State Official Wants To Ban Plastic Bag Use in Massachusetts By 2015

Grocery stores and retailers would have to find alternative bag options if the bill passed.

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Plastic bag photo via Shutterstock

A Somerville state representative is trying to put a stop to the use of plastic shopping bags and enact a statewide ban in retail and grocery stores, citing a concern for the impact they have on the environment.

“They [can] get caught in street drains, which exasperates flooding during heavy rain events, and when you do river cleanups, the sludge is twisted with plastic bags. The amount of plastic bags [you find] is just staggering,” said State Representative Denise Provost in a phone interview Thursday. “Birds and fish and other kinds of wildlife can also think that bits of bags that come loose are food.”

Provost recently filed legislation on Beacon Hill, which was heard by the Joint Committee on the Environment, Natural Resources, and Agriculture this week, that would put a stop to the distribution of  plastic bags in all retail shops and grocery stores throughout Massachusetts. According to Provost’s proposal, if passed, “no retail establishment located in the Commonwealth … may distribute plastic carryout bags,” and “this prohibition applies to bags provided for the purpose of carrying away goods from the point of sale.”

The plastic bag ban, which would go into effect in April 2015, recommends that shops instead consider reusable bags or brown paper bags. The bill would not include the smaller plastic bags used for produce at grocery stores, she said.

But Provost isn’t the first person on Beacon Hill to put this idea on the table. Recently, a similar bill received favorable action and was referred to the legislature’s Ways and Means Committee. But some of the language in that proposal, Provost said, might not address the issue of reducing plastic use in the state. “[That bill] creates two new classes of plastic bags, one of which would be considered reusable based on its thickness. It is still a plastic bag, even if its slightly thinner,” she said.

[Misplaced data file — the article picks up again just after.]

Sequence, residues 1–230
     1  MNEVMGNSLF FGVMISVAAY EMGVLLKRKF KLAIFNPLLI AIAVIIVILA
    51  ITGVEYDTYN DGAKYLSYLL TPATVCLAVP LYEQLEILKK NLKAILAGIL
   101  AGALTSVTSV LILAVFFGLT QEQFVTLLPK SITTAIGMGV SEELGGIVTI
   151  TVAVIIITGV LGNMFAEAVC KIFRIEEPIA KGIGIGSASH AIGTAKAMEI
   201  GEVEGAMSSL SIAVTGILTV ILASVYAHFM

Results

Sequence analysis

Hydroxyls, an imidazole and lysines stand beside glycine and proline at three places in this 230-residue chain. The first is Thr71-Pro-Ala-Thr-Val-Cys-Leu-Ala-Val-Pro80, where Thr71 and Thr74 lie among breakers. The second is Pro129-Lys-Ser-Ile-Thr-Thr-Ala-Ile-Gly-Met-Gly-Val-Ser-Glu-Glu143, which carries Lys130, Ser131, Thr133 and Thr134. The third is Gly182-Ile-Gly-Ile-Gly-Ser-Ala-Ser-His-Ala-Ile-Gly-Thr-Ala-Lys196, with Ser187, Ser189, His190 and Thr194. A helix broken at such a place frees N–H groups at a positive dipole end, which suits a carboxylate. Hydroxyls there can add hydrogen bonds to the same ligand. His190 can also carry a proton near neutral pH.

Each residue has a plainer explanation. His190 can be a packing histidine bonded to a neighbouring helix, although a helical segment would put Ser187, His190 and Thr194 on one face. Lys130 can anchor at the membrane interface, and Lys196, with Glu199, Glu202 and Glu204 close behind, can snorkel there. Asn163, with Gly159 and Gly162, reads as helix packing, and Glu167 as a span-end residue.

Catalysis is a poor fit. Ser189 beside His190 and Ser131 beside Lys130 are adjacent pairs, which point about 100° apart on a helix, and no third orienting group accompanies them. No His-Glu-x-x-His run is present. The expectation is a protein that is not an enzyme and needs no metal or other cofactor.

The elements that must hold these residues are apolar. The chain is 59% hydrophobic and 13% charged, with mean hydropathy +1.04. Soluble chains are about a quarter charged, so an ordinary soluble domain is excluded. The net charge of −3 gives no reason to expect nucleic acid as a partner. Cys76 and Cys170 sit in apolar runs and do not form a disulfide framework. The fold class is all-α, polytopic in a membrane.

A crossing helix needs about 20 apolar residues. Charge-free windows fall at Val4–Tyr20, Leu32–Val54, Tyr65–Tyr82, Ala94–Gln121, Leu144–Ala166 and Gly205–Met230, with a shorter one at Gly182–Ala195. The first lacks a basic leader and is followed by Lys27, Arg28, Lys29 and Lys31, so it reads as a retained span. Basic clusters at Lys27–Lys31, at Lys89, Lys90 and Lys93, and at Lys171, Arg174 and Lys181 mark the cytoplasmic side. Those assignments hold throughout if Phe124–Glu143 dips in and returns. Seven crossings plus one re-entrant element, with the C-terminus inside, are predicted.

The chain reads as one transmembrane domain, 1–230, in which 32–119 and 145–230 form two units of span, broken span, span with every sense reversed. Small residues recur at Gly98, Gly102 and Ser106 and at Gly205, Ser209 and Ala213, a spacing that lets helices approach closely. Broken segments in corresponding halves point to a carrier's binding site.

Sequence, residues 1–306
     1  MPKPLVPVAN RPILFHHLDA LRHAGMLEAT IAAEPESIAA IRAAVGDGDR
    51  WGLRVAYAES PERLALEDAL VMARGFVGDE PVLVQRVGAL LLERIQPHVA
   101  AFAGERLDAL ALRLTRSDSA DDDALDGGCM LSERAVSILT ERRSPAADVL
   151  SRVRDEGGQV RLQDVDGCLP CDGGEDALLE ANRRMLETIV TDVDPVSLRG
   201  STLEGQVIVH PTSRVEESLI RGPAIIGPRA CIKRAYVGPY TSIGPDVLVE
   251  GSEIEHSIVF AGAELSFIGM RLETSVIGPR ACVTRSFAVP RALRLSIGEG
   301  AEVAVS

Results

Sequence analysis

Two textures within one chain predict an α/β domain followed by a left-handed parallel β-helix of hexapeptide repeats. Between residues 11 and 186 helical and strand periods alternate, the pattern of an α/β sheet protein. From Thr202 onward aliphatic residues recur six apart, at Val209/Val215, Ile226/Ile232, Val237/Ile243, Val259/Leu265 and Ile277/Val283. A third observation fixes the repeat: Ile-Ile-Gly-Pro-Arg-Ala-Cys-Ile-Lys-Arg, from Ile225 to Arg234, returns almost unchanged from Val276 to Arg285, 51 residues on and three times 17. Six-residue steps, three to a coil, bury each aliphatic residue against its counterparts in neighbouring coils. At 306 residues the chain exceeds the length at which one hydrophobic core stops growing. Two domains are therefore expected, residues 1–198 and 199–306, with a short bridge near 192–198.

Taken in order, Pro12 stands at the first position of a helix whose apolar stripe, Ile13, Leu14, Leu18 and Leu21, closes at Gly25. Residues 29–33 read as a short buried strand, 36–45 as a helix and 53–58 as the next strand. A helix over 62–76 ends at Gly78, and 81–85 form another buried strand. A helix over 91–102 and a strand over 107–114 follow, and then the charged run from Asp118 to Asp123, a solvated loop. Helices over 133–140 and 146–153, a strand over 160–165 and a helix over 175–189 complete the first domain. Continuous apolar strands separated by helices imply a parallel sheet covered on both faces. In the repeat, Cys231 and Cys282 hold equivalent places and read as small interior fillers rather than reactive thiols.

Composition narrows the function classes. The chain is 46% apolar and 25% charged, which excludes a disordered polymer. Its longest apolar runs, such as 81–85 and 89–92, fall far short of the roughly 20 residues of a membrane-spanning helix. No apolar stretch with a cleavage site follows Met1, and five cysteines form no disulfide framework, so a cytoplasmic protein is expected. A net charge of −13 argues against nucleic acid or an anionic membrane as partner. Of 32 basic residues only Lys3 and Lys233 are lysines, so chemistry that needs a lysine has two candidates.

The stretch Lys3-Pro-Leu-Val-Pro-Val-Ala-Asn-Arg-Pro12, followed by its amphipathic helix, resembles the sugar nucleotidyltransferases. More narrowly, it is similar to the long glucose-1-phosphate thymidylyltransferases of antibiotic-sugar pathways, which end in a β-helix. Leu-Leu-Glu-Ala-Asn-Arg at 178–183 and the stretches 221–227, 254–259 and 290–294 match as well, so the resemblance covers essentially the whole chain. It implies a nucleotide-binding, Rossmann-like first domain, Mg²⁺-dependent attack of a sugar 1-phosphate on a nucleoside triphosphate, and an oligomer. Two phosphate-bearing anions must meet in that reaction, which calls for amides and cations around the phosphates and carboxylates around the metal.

In November 2012, Brookline residents passed their own version of a plastic bag ban, which gave businesses one year to find alternative options. The Brookline ban applies to polyethylene plastic bags that are not disposable, or marine degradable, much like the proposal filed in Provost’s legislation.

Two other bills were also heard on Beacon Hill in front of the Committee on Thursday, also relating to reducing the use of plastic bags in retail and grocery stores, but the provisions in those proposals were less detailed, and would ban the use statewide in 2017.

Provost said more could be added to her legislation through discussion with elected officials, such as the possibility of adding a “plastic bag fee” to store if they insist on continuing to use the products. She said customers could then pay for the bags, so that it would create a sense of worth for the product, and people would be more inclined to reuse them, rather than pay again when returning to a store. “This is another option too that’s not a ban, but it’s a way of reducing use. They start looking at a plastic bag as a commodity and not something that’s disposable,” she said.

Provost was confident people would be on board with the ban, and adapt to it much like residents of Brookline. “I think people would adjust. I think the biggest pushback is from the plastic bag industry. Some retailers might have some resistance, too,” she said.